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COVID again closes Tucson's Catholic churches

Mass indoors canceled for one month as coronavirus spirals in Southern Arizona

The Bishop of Tucson has called off most church services, including Sunday mass, until at least February 5, due to the substantial increase in the number of COVID-19 infections and crowding in local hospitals.

No public indoor mass services will be held after Friday, January 8, Bishop Edward J. Weisenburger announced Tuesday.

From the head of the Roman Catholic Church in Southern Arizona:

  • Both Sunday and weekday indoor Masses or gatherings are suspended. 
  • In individual situations, and based upon local circumstances and conditions, pastors may seek permission from the Bishop to celebrate some indoor Masses.
  • Masses may be celebrated outdoors in accord with existing protocols.
  • Funerals and weddings may be celebrated indoors but are limited to a maximum of 25 persons; baptisms are limited to a maximum of ten persons.  No gatherings before or following these celebrations are allowed on parish or church property.
  • Pastors are strongly encouraged to provide pastoral care through Masses celebrated for the people via the Internet as well as providing Holy Communion and the Sacrament of Penance outdoors.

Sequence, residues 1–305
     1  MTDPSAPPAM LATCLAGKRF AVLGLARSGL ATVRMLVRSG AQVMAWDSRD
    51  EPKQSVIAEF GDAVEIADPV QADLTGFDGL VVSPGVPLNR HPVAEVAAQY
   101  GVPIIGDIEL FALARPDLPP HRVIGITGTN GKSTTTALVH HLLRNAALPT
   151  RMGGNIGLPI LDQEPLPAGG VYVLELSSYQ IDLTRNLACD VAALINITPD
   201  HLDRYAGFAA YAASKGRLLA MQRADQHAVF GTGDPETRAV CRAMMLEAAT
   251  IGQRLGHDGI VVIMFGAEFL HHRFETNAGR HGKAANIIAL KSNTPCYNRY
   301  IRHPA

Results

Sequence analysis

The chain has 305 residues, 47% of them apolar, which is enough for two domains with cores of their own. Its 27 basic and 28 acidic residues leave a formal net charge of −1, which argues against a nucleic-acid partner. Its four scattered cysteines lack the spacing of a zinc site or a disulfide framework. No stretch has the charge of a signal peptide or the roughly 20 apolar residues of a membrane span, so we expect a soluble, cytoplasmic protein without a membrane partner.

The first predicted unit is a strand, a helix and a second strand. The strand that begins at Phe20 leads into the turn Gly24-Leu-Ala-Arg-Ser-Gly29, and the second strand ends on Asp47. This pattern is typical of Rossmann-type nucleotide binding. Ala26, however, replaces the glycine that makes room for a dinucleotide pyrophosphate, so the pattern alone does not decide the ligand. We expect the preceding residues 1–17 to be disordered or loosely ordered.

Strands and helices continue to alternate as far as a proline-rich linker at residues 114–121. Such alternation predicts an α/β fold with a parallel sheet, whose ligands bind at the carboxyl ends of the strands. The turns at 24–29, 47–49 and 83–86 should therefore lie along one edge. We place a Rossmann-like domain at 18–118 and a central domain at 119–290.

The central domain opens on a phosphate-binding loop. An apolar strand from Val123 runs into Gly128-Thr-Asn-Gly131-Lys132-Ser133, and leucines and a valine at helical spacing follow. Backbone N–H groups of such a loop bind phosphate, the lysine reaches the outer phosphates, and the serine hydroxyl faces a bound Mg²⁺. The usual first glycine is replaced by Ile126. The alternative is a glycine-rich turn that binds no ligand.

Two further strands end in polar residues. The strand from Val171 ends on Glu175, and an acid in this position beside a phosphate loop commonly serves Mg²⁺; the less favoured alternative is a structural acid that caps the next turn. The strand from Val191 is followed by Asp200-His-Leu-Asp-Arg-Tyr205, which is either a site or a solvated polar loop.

High-risk people should be ministered to online until they receive a vaccination, he said.

"A suspension of four weeks from indoor liturgies also allows us to stand in solidarity with those who are critically ill, healthcare workers, the unemployed, those grieving the loss of loved ones, and all those whose lives have been far more substantially altered," Weisenburger said.

"Unlike the period of time early in the pandemic, when in-person worship was initially suspended, we now can see victory on the horizon," he said. "A period of four weeks should make a considerable difference in the availability of the COVID vaccine for those most at risk.  Hopefully it also will help us to evaluate more accurately the anticipated post-Christmas spike in infections and resulting hospitalizations."

Weisenburger also prescribed protocols for priests anointing the sick, including the use of gloves and other PPE, cautioning against physical touching, and the use of cotton swabs for administering oils.

In March, Tucson's Catholic bishop curtailed the celebration of Mass during Lent due to the beginning of the first wave of coronavirus cases, dispensing with the obligation of Sunday mass from the middle of that month through April 6.

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